The Canadian Press
Calgary’s mayor and seven chiefs in southern Alberta say a controversial sculpture along a city interchange was never meant to be Indigenous art.
Naheed Nenshi and Treaty 7 leaders have released a joint statement about the Bowfort Towers sculpture, which some critics say appears to emulate Indigenous burial scaffolding.
The steel-and-rock sculpture by New York artist Del Geist was commissioned under Calgary’s public art policy for about $500,000.
The statement says the request for proposals didn’t ask for the art to incorporate Indigenous themes, but that the city asked Geist to seek advice of a Treaty 7 traditional knowledge-keeper late in the design process.
It says when the art was unveiled, the city “may have left the impression” that the sculpture was Indigenous or Indigenous-inspired.
The statement says Geist has been building similar sculptures around the world for decades, and that the traditional knowledge- keeper did not identify Bowfort Towers as burial scaffolding when the design was reviewed.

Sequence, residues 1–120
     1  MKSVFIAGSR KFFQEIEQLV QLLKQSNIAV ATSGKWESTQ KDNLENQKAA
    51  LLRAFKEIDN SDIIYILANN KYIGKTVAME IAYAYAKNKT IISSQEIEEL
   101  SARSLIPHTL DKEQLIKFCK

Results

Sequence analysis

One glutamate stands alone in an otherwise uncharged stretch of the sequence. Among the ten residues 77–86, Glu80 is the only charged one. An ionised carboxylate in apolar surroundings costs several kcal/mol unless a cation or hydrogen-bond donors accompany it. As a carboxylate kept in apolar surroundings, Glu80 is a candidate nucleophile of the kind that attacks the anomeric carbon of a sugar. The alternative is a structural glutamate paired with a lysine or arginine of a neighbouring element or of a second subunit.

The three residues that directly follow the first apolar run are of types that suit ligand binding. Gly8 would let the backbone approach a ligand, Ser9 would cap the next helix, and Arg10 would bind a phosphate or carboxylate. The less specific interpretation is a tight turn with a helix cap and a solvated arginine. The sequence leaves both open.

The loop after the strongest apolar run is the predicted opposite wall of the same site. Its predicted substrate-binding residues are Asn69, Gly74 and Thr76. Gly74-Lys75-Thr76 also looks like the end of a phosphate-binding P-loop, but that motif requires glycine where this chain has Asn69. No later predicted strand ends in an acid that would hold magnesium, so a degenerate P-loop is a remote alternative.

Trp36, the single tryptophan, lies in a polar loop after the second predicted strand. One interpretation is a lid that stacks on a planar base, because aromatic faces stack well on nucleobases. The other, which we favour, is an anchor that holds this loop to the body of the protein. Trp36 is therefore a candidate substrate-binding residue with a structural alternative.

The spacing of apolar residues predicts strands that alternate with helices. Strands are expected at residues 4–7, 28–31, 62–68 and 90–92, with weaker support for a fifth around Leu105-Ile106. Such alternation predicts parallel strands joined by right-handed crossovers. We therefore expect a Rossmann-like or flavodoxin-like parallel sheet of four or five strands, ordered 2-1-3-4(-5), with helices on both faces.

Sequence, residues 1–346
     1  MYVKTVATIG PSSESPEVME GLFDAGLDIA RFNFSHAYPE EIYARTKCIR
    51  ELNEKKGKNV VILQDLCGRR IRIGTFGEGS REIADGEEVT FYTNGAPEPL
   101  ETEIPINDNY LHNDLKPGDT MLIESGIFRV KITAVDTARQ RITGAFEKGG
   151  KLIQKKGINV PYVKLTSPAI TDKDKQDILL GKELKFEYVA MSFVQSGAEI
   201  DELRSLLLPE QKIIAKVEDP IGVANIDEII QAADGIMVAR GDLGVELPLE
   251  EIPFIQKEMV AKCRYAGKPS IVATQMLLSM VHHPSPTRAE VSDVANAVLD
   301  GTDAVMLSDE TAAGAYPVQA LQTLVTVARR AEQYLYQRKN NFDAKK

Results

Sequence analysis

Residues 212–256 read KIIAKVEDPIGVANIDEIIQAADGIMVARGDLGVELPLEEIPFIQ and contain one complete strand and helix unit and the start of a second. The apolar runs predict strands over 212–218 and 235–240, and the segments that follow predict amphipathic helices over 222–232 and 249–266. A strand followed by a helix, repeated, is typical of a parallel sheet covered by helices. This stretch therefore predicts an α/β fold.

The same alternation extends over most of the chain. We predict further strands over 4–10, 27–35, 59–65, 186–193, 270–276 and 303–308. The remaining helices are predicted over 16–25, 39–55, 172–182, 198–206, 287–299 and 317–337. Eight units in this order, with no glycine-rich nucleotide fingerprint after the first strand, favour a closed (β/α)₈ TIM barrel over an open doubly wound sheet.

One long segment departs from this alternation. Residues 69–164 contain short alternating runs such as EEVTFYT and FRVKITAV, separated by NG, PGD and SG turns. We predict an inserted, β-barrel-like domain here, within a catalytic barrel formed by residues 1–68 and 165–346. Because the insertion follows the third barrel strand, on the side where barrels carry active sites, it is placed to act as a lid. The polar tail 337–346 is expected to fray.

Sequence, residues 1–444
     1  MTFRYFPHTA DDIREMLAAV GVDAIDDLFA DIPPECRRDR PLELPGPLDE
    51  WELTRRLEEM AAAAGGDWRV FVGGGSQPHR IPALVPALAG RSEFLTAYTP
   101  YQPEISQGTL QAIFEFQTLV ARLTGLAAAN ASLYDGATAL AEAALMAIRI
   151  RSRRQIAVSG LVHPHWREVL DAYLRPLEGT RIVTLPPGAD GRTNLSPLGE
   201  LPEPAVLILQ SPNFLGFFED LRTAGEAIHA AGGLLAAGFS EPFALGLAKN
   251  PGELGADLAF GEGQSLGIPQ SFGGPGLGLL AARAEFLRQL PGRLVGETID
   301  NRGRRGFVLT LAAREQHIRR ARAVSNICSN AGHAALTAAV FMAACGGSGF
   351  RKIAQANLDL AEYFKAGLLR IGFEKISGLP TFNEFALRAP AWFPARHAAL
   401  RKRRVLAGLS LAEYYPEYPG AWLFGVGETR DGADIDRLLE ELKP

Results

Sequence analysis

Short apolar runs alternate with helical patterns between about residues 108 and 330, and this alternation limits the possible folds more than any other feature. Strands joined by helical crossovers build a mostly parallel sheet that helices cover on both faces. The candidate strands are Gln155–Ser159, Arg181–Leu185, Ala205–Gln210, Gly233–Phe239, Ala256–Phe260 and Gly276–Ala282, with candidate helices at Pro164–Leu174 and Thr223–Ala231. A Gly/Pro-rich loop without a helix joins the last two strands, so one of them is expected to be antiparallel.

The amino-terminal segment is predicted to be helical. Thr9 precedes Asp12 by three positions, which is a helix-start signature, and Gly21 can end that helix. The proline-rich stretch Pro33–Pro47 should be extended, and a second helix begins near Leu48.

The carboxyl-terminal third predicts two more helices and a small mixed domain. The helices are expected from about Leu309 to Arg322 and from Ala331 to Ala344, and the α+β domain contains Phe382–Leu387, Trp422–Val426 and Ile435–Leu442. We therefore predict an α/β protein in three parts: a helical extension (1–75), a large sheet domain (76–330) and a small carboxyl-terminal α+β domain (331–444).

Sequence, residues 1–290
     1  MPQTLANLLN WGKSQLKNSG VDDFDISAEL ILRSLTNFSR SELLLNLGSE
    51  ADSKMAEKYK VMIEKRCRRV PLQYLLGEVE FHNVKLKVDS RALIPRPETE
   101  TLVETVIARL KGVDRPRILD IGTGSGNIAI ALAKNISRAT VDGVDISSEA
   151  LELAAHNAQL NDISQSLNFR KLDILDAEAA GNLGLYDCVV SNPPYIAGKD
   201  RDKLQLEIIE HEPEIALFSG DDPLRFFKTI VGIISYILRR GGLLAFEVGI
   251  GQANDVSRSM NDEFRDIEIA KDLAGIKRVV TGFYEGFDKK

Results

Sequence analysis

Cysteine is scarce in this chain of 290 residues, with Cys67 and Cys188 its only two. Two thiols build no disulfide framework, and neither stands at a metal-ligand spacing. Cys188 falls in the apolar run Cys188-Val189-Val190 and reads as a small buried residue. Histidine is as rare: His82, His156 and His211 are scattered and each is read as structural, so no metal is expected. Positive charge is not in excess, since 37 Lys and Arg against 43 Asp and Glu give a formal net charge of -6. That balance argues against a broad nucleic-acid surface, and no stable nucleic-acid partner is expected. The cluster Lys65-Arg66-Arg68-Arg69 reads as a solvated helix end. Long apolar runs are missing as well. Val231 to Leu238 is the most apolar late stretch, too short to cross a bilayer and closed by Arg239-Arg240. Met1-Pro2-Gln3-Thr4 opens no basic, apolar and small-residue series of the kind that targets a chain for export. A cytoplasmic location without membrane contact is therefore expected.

“We therefore acknowledge that the city attempted to be respectful, but that there was a misunderstanding that has led to much discussion, debate and hard feelings,” said the statement, which was released Thursday.
“In this time of reconciliation, we believe that it is important to acknowledge what doesn’t work and to move forward with a better way, being always respectful of one another.”
The joint release calls for future art projects to include more public input, including input from Indigenous peoples.
Calgary is on land covered by Treaty 7, which was signed in 1877 between Canada and the Pikani, Kainai, Sikiska, Bearspaw, Chiniki, Wesley and Tsuu T’ina nations.
Nenshi said earlier this month that the city’s public art policy needs to change, but he also called criticism of the sculpture unfair and compared it to a “lynch mob.”
City Coun. Sean Chu, a vocal opponent of public funding for the arts, has called the sculpture “the worst kind of wasteful spending of tax dollars.”
Currently, all public art is chosen by a panel of seven members six of whom are civilian volunteers.
The statement says that for several months the public art program has been training artists on how to submit bids, and that the city has set up a committee to explore ways to share more Indigenous art.
It notes that committee was already being developed before the controversy over Bowfort Towers.
“We hope that the difficult debate over this piece will strengthen our resolve on creating a more inclusive community for Indigenous and non-Indigenous people alike.”